Disclaimer: When I teach persuasion, the inevitable manipulation question is brought up: Isn’t it manipulative to influence the behavior or emotions of others? Well, if it’s for one’s own selfish purposes, then yes. If the intention is to create a benefit or greater good, then no. If your intention is to influence others in order to achieve positive goals, then the following neuro-linguistic programming (NLP) tool will increase your persuasive power:
Connect to People’s Sensory Systems. How do they perceive the world?
If you listen closely and attentively, you can understand the reality of how someone thinks and use language very precisely to establish rapport. We know that individuals tend to be either visual, auditory or kinesthetic with regards to how they absorb information.
Start discerning the kind of sensory-based words and phrases that people use. This will give you an indication of their preferred representational system, or how they re-present and experience the world using their senses.Then, in your communication–whether via phone, email, face-to-face–construct your persuasive message to include these sensory-specific words. Matching others’ thinking in this manner will build instantaneous connection, trust and likability. It’s that “we’re on the same page” or “that person gets me” and “we think alike” immediate chemistry.
Visual words and phrases include examples such as:
– I see what you mean
– It appears to me
– We see eye to eye
– I’m looking closely at the idea
– clarify, picture, outlook, watch, foresee, notice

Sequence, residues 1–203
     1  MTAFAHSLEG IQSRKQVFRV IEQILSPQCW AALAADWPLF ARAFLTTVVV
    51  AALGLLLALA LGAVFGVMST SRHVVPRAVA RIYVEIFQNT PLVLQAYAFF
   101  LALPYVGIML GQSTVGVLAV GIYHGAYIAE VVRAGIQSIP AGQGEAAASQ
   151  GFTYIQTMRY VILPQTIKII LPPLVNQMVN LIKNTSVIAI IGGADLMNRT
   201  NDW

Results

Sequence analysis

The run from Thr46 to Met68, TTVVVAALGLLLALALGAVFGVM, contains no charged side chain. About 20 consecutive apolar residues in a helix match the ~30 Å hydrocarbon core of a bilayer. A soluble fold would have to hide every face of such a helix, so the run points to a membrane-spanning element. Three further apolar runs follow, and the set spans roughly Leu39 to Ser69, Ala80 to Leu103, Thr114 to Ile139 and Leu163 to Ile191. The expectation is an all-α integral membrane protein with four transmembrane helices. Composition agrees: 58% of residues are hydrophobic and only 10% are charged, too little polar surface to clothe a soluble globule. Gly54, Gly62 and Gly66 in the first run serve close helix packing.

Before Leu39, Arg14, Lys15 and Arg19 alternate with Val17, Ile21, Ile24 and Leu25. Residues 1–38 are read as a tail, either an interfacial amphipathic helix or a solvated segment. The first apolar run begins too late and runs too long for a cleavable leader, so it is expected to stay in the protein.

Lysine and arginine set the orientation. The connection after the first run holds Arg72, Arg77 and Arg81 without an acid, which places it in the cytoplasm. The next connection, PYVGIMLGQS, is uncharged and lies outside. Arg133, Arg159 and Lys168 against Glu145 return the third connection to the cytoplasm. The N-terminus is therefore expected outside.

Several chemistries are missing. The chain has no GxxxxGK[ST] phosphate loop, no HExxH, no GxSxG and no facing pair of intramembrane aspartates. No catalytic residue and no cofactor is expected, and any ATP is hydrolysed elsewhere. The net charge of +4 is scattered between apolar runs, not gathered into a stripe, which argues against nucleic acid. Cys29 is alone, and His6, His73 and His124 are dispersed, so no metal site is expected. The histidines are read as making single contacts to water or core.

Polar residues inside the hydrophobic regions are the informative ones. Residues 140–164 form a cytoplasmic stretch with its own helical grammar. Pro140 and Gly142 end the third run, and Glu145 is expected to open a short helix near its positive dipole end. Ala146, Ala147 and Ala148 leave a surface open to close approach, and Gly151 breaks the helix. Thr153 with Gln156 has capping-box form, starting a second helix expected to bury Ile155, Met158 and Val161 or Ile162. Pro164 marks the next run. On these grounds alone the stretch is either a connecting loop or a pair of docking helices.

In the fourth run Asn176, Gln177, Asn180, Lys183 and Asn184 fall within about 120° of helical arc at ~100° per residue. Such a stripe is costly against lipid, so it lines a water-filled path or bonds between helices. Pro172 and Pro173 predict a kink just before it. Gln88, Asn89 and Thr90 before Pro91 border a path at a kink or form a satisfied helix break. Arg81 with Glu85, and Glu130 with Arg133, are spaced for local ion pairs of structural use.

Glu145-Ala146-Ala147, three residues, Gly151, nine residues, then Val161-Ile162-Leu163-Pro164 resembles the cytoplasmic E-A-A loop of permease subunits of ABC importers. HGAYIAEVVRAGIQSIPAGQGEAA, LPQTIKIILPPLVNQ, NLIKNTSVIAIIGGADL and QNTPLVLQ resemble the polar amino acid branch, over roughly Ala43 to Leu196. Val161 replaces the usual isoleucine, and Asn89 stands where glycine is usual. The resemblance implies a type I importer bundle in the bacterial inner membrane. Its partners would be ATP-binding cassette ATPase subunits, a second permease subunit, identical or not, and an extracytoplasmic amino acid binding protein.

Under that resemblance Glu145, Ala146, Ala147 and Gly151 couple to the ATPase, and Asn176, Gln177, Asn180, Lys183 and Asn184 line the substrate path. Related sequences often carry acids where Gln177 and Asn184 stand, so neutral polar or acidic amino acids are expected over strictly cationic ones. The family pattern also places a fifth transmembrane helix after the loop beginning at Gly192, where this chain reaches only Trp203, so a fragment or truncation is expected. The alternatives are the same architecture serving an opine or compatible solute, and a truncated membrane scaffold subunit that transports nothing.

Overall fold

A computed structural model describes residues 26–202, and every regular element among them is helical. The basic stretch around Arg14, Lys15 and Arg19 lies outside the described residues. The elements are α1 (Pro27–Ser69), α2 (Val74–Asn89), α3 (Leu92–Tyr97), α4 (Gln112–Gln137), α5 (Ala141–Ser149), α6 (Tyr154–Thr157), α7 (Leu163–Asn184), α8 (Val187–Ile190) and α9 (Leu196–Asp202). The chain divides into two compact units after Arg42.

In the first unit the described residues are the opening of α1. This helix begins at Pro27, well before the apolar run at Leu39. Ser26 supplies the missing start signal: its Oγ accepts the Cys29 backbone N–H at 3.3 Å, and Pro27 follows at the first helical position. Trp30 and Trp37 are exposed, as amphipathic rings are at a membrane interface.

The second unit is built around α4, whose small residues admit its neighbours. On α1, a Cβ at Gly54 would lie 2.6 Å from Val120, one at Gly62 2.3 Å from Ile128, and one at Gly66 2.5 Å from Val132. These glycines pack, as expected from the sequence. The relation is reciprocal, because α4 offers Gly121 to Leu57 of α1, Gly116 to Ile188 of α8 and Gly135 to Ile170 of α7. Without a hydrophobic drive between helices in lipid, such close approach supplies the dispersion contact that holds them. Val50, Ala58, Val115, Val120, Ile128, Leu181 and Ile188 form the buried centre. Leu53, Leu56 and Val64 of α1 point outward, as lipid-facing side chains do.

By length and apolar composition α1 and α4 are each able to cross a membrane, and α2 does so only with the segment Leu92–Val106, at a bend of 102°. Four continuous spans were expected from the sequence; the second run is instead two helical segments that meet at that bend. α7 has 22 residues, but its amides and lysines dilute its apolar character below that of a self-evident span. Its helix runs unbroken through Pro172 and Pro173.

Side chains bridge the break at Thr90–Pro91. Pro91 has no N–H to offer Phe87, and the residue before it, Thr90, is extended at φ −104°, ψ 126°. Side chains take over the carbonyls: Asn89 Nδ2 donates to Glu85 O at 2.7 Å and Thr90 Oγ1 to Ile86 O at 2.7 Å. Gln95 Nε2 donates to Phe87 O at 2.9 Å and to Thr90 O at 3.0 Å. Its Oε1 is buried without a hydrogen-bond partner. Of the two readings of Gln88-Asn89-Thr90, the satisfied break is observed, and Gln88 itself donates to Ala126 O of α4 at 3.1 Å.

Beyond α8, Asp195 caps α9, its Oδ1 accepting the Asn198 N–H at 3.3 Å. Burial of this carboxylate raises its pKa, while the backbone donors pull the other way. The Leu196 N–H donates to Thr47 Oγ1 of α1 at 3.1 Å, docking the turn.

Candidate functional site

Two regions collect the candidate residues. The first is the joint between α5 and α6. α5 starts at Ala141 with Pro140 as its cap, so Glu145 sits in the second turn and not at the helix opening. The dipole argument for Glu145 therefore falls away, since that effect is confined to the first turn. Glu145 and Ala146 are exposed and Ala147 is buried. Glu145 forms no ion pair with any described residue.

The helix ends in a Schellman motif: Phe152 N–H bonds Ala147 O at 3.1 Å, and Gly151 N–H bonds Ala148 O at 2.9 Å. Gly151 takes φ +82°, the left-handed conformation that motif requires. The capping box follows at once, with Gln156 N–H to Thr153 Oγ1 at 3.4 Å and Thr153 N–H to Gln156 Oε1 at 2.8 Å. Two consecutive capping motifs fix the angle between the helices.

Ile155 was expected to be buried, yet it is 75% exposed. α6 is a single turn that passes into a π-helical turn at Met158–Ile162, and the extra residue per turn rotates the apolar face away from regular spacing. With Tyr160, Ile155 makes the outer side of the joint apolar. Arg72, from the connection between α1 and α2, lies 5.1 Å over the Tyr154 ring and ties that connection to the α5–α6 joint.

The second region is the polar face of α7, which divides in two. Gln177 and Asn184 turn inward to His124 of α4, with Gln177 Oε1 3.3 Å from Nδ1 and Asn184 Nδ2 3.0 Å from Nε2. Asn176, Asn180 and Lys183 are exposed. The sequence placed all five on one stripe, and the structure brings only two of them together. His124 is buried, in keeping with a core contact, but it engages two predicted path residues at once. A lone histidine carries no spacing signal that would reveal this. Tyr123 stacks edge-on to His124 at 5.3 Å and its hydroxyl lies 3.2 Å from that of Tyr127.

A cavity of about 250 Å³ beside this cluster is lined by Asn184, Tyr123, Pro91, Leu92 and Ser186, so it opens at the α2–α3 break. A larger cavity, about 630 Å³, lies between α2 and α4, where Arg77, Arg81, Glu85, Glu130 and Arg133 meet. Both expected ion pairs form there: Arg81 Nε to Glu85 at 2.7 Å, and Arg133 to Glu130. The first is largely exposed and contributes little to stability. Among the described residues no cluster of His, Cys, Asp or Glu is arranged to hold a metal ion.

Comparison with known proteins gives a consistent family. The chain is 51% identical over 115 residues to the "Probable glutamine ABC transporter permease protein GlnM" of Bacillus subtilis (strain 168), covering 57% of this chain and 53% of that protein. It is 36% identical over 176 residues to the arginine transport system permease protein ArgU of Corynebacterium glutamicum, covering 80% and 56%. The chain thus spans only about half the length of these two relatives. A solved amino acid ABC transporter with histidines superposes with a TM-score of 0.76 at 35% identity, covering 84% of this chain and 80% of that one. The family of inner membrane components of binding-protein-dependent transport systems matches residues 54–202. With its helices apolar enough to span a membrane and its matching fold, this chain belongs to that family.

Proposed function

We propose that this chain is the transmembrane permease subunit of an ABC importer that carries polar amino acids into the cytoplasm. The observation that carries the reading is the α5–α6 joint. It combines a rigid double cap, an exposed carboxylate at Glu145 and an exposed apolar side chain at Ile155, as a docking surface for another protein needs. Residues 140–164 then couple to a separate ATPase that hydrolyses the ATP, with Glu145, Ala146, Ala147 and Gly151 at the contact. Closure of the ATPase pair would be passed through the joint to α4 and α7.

Auditory words and phrases include examples such as:
– Rings a bell
– Unheard of
– Loud and clear
– Music to my ears
– wavelength, resonate, speechless, harmonious, dissonant
Kinesthetic words and phrases include examples such as:
– Get in touch with me
– Hold on a second
– I can’t put my finger on it
– I feel it in my bones
– break, grasp, handle, heavy, tangible, tight, gentle
Just as we would study the language and custom preferences of people from other lands in order to make ourselves understood, it’s effective to pay attention to the language choices of people in our professional sphere who hold different perspectives. When we communicate with others using sensory systems that they relate to, we’re meeting the responsibility of catering our message to our audience’s needs, and they in turn are more likely to hear us and be receptive to our ideas.
Lee Broekman is an author, professor, trainer and coach. Her company Organic Communication, brings interactive, never boring, always edifying presentations and programs — focused on communication, collaboration and innovation — to your firm or organization.